Byline: James Rossiter and William Hutchings
Marconi, the UK telecom equipment group, has spent an estimated $200m (e226m) in investment banking and legal fees since its transformation from the old General Electric Company conglomerate in 1996, according to analysis by Financial News.
The fees, which are a conservative estimate, were paid to transform the company into a telecoms equipment company which has seen its share price fall more than 95% in less than a year.
Since October 1996, when Lord Simpson took over from Lord Weinstock as chief executive, Marconi has leant on its bankers for advice on over $23bn of M&A deals and equity sales. These include the $11bn sale of its aerospace and defence business and the $3.5bn acquisition of FORE Systems, a US technology company, in 1999.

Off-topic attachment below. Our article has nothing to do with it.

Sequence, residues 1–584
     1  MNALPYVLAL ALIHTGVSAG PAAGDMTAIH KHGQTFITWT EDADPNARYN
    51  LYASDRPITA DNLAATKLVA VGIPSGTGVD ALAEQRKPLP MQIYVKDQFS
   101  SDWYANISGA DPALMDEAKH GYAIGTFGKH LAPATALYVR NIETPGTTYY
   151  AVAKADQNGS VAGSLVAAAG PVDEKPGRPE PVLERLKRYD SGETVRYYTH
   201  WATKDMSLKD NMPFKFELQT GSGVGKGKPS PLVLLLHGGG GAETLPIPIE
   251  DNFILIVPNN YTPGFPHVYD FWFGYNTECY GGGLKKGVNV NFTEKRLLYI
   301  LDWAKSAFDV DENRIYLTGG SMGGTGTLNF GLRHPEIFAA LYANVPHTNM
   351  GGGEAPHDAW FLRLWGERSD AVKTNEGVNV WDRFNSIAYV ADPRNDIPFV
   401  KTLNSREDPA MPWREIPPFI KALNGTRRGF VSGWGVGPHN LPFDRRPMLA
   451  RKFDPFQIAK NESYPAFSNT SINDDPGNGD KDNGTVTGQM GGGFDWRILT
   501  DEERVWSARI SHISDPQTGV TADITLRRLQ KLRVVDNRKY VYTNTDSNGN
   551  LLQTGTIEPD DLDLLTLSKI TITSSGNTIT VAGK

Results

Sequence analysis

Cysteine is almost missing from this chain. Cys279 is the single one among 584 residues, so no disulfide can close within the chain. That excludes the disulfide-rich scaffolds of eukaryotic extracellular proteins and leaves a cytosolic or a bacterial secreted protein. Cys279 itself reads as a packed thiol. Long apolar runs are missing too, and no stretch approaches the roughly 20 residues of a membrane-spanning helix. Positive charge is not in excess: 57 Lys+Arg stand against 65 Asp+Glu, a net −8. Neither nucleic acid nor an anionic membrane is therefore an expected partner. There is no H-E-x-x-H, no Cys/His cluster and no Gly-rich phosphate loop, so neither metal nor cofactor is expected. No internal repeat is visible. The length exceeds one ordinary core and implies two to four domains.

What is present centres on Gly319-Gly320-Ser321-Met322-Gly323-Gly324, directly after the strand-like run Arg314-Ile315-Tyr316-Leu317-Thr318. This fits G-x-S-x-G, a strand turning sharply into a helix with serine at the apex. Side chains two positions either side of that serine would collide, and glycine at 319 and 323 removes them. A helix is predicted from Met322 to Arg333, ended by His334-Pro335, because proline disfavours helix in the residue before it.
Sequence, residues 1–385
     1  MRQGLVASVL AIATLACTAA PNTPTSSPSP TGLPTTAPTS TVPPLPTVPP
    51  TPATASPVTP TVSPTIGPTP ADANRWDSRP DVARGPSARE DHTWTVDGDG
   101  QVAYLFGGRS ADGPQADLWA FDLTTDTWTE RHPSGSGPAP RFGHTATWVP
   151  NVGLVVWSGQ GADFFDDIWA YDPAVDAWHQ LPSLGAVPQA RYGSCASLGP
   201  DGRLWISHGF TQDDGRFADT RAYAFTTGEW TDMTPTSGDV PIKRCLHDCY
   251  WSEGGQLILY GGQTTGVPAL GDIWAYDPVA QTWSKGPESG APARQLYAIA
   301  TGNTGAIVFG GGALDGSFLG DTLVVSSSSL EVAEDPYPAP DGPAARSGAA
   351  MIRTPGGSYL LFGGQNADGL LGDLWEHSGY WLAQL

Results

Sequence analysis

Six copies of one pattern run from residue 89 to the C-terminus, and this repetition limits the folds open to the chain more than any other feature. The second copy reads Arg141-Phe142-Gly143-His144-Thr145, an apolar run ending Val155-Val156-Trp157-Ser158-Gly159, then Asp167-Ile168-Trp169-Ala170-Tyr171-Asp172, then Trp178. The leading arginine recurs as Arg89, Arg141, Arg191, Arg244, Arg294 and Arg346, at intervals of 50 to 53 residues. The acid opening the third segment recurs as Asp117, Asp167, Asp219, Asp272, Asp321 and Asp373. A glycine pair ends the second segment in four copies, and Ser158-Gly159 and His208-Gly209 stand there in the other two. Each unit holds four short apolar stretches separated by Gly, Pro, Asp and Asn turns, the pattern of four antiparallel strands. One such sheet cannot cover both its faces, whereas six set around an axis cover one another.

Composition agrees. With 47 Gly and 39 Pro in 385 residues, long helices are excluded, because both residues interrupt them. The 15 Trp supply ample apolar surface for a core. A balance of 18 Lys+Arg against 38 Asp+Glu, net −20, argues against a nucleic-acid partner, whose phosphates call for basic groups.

Morgan Stanley, UBS Warburg and JP Morgan have earned the lion's share of these fees along with Credit Suisse First Boston, Marconi's broker. The banks advised on 28 M&A deals in this period, with a total deal value of over $25bn, according to data from Dealogic.
Fees have been calculated on the assumption that banks charged an average rate of 0.75% for the majority of those transactions worth a few hundred million dollars. Five larger deals will have levied a charge rate of 0.5% or less.
Marconi paid over $30m in fees on equity sales, including the sale of its stake in Alstom. Marconi has spent almost e25m on debt financing fees in the past 18 months, a large chunk of which has gone to Morgan Stanley.
The company will have spent atleast a further $50m in legal fees over the past five years, according to sources close to Marconi. …